FHFA OIG Recommends Changes To Fannie Mae Short Sale Oversight


On November 20, the FHFA Office of Inspector General (OIG) issued a report critical of Fannie Mae’s oversight of its short sale process and the servicers who participate in that process. The OIG determined—based on a review of 41 short sale transactions handled by multiple Fannie Mae servicers—that five servicers were not always collecting all of the required documentation before making borrower eligibility determinations or seeking Fannie Mae approval. The report states also that servicers sometimes failed to conduct adequate reviews supporting borrower eligibility determinations. Further, the OIG found that borrowers with potentially significant financial resources sold multiple non-owner occupied properties through Fannie Mae’s streamlined documentation program, which allows servicers to approve short sales based only on low FICO scores and delinquency status. The OIG recommends that Fannie Mae strengthen its oversight of the short sale program by (i) enforcing the requirement that all borrowers outside the streamlined documentation program provide a borrower-certified borrower assistance form; (ii) establishing controls to identify and resolve inconsistencies between the borrower assistance form and supporting documentation; (iii) considering whether its servicer compensation structure should include the quality of borrower eligibility determinations for short sales and success in limiting losses; and (iv) enhancing controls over collection and use of electronic information from servicers on the financial condition of borrowers. The OIG also suggests that the FHFA should: (i) determine whether the streamlined documentation program should be available to borrowers seeking approval to short sell non-owner occupied properties; and (ii) provide examination coverage of Fannie Mae’s short sale activities with particular emphasis on identifying systemic deficiencies related to borrower submissions, Fannie Mae eligibility determinations, servicer compensation structure, and reliability of electronic information used in managing short sales.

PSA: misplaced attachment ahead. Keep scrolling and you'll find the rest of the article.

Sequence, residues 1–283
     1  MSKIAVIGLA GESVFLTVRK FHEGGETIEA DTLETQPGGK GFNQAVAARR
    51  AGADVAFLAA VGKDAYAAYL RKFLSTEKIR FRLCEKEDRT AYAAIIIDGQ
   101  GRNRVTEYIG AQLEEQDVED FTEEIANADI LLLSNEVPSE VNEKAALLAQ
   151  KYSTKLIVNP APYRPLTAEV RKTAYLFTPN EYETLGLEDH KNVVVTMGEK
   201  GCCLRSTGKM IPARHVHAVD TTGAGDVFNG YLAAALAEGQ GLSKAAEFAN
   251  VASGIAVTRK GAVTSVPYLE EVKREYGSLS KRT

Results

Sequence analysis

Written by:

Published In:


DISCLAIMER: Because of the generality of this update, the information provided herein may not be applicable in all situations and should not be acted upon without specific legal advice based on particular situations.

© BuckleySandler LLP | Attorney Advertising

Don't miss a thing! Build a custom news brief:

Read fresh new writing on compliance, cybersecurity, Dodd-Frank, whistleblowers, social media, hiring & firing, patent reform, the NLRB, Obamacare, the SEC…

…or whatever matters the most to you. Follow authors, firms, and topics on JD Supra.

Create your news brief now - it's free and easy »

All the intelligence you need, in one easy email:

Great! Your first step to building an email digest of JD Supra authors and topics. Log in with LinkedIn so we can start sending your digest...

Sign up for your custom alerts now, using LinkedIn ›

* With LinkedIn, you don't need to create a separate login to manage your free JD Supra account, and we can make suggestions based on your needs and interests. We will not post anything on LinkedIn in your name.